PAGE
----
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You have to love a rocket that assembles quickly
and that can be flown in your front yard (and not that big of a front yard either)! That's what you have with the 18mm
Art Applewhite's Dragonfly.
I brought this kit, a hobby knife, a ruler, a pencil and some Elmer's Glue with me
on a short business trip. I was successful in building the kit while in the hotel one night and finished it in the AM
the next day. It was that easy.
The Dragonfly comes with a 3/32" basswood wing, a 1/4" Balance Beam
dowel, two 3/16" support dowels, a motor tube, some fiberglass tape and a piece of 3/32" basswood that is
used to create the support pieces. That's it.
The instructions are printed on three pages of 8½ x 11" paper. The last
page focuses on flight and the building of a monocopter launch pad. There are B&W pictures and illustrations to
ensure an easy build.
There is very little cutting that takes place. The Center, Center Support and Motor
Support are all cut out of the small piece of 3/32" basswood. Then later in the build, the fiberglass tape needs
to be cut to fit around the motor mount.
Building is logical and easy to follow. You do have to pay attention to the
pictures to ensure you are gluing the supports, dowels and balance beam on the right sides of the center.
My only slight tweak to the instructions would be in
step 4 where it simply says, "Glue the Balance Beam to the Center". There should be some indication
that this should be centered and equally spaced on both sides of the Center.
One interesting step is placing the fiberglass tape around the motor tube and
securing it to the support. This requires the tape to be cut out to clear the support dowels and then to be cut to the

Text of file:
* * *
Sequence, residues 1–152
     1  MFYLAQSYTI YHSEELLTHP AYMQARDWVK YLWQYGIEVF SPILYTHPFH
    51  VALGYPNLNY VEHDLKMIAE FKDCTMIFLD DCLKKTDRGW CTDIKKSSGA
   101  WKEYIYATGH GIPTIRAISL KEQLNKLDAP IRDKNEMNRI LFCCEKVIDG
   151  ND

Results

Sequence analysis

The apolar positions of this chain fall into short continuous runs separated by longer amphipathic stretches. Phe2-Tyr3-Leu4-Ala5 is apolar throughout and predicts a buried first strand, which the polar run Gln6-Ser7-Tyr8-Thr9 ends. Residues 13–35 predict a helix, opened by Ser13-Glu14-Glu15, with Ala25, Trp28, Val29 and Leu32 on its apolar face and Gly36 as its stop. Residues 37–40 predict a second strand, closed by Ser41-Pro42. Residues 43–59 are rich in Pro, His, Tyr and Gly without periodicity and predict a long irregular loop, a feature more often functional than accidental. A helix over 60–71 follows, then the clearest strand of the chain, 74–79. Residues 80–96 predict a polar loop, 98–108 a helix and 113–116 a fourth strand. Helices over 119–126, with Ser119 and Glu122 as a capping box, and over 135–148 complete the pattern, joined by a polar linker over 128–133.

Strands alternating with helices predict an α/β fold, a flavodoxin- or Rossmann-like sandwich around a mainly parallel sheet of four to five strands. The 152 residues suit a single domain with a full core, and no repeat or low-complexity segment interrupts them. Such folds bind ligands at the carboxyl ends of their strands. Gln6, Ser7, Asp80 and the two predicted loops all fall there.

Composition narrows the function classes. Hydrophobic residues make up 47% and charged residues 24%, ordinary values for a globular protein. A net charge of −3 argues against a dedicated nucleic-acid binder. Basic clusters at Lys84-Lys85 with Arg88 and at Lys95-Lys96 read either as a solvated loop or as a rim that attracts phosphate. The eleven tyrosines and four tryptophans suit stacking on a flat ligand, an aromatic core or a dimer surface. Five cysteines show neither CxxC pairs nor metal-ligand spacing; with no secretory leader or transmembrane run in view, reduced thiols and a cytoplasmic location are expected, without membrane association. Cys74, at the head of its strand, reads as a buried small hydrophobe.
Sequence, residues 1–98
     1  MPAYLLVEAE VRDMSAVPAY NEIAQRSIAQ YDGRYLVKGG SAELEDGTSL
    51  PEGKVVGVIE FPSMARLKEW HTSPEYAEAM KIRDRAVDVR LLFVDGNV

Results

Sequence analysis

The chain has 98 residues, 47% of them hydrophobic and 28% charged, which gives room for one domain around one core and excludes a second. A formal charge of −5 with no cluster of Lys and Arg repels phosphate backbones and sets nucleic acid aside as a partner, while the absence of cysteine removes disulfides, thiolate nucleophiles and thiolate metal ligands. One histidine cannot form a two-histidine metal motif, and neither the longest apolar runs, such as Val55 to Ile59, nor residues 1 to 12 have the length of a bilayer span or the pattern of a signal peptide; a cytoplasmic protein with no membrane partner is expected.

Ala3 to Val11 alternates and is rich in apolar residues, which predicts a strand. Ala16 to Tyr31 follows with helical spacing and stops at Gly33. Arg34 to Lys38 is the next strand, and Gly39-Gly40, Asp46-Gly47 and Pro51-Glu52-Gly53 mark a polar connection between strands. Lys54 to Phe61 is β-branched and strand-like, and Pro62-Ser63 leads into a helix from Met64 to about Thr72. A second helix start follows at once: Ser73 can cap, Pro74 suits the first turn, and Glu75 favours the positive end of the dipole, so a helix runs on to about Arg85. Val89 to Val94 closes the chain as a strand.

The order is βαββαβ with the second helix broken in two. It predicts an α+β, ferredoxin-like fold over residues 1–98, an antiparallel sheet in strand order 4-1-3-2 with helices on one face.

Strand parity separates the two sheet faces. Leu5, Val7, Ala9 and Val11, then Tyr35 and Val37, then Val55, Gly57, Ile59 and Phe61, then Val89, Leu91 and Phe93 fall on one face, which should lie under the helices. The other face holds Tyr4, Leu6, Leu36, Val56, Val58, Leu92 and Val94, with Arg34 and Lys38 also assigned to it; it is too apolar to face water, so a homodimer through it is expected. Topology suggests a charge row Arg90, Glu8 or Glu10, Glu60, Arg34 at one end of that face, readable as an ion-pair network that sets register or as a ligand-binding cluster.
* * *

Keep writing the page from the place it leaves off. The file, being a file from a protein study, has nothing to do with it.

length needed to fit. Once the cutting is done, it is glued in place. Then the weave is filled in with Elmer's Glue
making a nice secure motor mount.
Now, I did say that I built the rocket at the hotel, which is true, but I completed
the final step at home. That was the drilling of the 1/4" hole in the center for the launch rod.
I made my launch pad using the basic idea outlined in the instructions. Amazing
that you only want a 1/4" long launch rod!
I didn't paint or finish the rocket in any way.
Overall, for CONSTRUCTION I would rate this kit
points. Fast, easy, and quality materials. Instructions were easy to follow. Also, I believe that some may
avoid trying to make their own monocopter and Art Applewhite has now made it as easy as 3, 2, 1.
The Dragonfly is simple to prepare for flight. All
that needs to be done is that you wrap a 3/8" band of masking tape around the motor to make a thrust ring. Then
install the motor.
First flight was on an Estes C6-3. After ignition that rocket whirled quickly and
took off. My guess is to about 70 feet. It then stopped, seemingly pausing, and then it fell to the earth. On the way
down the ejection charge fired. The fall was rapid with the motor tube leading the way. I'm guessing that is another
reason to use the fiberglass.
The next flight was a repeat flight using the C6-3. Again, nice performance. After
this flight I noticed a small burn hole starting on the outside top of the motor tube. (Flight Video Below)
For the third flight I tried something special. I had an old
Apogee B2-4 motor. I drilled out the center of the C6 thrust nozzle until the B2-5 slide into it. I then applied tape